Suddenly they had a bit more space. And a bit more headspace. And a sense of progress.
Things were already looking up.
They decided a new kitchen was more important to them than a new bathroom. So decision made, they chose one, booked in the installation, and set about decorating the bathroom themselves … to “spruce it up” in the meantime, whilst they replenished their savings.
Little by little, step by step, they transformed their house into their home.
Once they had decided what to do first, and next, and how … the overwhelm fell away, and they were able to get the job done.
They just needed to stop focusing on the VOLUME of tasks, and instead focus on the DECISIONS they needed to make.
Their house still isn’t perfect. They still want to do a number of improvements. But they have a freshly decorated, warm and comfortable house, their DREAM kitchen, and not an unpacked box in sight. And they are very happy indeed.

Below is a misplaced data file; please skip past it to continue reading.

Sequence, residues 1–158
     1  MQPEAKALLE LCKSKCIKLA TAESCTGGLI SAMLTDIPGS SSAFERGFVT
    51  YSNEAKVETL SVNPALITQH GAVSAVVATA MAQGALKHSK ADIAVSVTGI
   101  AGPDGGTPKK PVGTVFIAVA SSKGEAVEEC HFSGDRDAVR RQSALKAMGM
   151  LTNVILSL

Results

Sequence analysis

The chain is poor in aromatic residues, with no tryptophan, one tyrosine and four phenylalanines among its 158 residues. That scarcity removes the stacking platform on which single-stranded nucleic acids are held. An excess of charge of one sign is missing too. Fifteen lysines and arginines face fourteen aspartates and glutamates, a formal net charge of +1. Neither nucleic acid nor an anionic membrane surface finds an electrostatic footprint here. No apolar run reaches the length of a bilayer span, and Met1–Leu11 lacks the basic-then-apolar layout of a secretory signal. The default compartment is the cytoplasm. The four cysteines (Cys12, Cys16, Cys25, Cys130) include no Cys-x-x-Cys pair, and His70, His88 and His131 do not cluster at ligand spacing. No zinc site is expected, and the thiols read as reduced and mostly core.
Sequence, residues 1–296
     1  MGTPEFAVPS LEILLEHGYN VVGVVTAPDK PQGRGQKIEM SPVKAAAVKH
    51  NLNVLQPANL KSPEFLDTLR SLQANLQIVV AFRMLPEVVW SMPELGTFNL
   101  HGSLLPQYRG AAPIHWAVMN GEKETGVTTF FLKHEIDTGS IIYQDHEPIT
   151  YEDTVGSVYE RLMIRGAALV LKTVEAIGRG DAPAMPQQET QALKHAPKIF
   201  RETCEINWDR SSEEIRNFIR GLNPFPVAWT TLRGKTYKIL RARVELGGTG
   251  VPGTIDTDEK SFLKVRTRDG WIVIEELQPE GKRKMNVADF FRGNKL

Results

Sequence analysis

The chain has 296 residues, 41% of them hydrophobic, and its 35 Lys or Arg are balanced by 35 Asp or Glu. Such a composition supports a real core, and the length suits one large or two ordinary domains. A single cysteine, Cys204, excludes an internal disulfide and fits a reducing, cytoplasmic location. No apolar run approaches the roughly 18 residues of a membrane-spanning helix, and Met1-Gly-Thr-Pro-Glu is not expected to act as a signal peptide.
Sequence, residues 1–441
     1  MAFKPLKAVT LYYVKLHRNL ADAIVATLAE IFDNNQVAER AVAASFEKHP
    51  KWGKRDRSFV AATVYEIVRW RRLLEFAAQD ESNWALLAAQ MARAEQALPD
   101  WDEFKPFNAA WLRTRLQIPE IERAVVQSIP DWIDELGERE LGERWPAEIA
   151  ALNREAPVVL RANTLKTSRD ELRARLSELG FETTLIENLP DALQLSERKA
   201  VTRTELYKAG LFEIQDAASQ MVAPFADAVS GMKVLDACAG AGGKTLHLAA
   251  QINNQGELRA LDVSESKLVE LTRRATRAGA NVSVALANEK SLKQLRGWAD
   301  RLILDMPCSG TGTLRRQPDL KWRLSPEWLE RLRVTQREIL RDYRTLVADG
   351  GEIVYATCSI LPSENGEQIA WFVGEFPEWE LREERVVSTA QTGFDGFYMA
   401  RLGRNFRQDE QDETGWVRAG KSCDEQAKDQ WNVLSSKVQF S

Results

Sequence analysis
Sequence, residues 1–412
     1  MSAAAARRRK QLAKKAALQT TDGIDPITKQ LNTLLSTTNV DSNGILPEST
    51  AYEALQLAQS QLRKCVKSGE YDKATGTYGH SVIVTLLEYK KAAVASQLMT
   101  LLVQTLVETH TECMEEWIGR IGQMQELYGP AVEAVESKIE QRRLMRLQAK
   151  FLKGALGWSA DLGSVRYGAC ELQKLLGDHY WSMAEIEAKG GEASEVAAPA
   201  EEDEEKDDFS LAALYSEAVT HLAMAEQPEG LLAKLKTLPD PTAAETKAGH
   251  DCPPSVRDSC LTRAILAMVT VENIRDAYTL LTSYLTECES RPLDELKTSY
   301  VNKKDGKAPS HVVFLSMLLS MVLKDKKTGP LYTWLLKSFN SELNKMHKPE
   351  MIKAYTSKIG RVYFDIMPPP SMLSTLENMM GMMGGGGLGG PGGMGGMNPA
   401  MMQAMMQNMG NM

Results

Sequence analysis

Overwhelm is common. Whether during a house move or another situation, we’ve all been there …
And more often than not … overwhelm hits us at work.
If you’re feeling overwhelmed in your business, maybe you can overcome it in exactly the same way as my friends’ daughter?
Maybe you just need to focus on making the first decision?
There might always be a mountain of things to do. Maybe that’s ok. Maybe the volume isn’t actually a problem …
Maybe you just need to find a way to prioritise the things to do first, and to do next. And to decide how you’re going to do them.
And maybe when you do, you’ll be running a business that has your “dream kitchen, and not a box in sight” …
If you’re feeling overwhelmed, why not book an unblocking session to get out of your own woods and get some clarity on where to go next.
Or sign up to the FREE accountability system to outline your priorities and ensure you stick to them.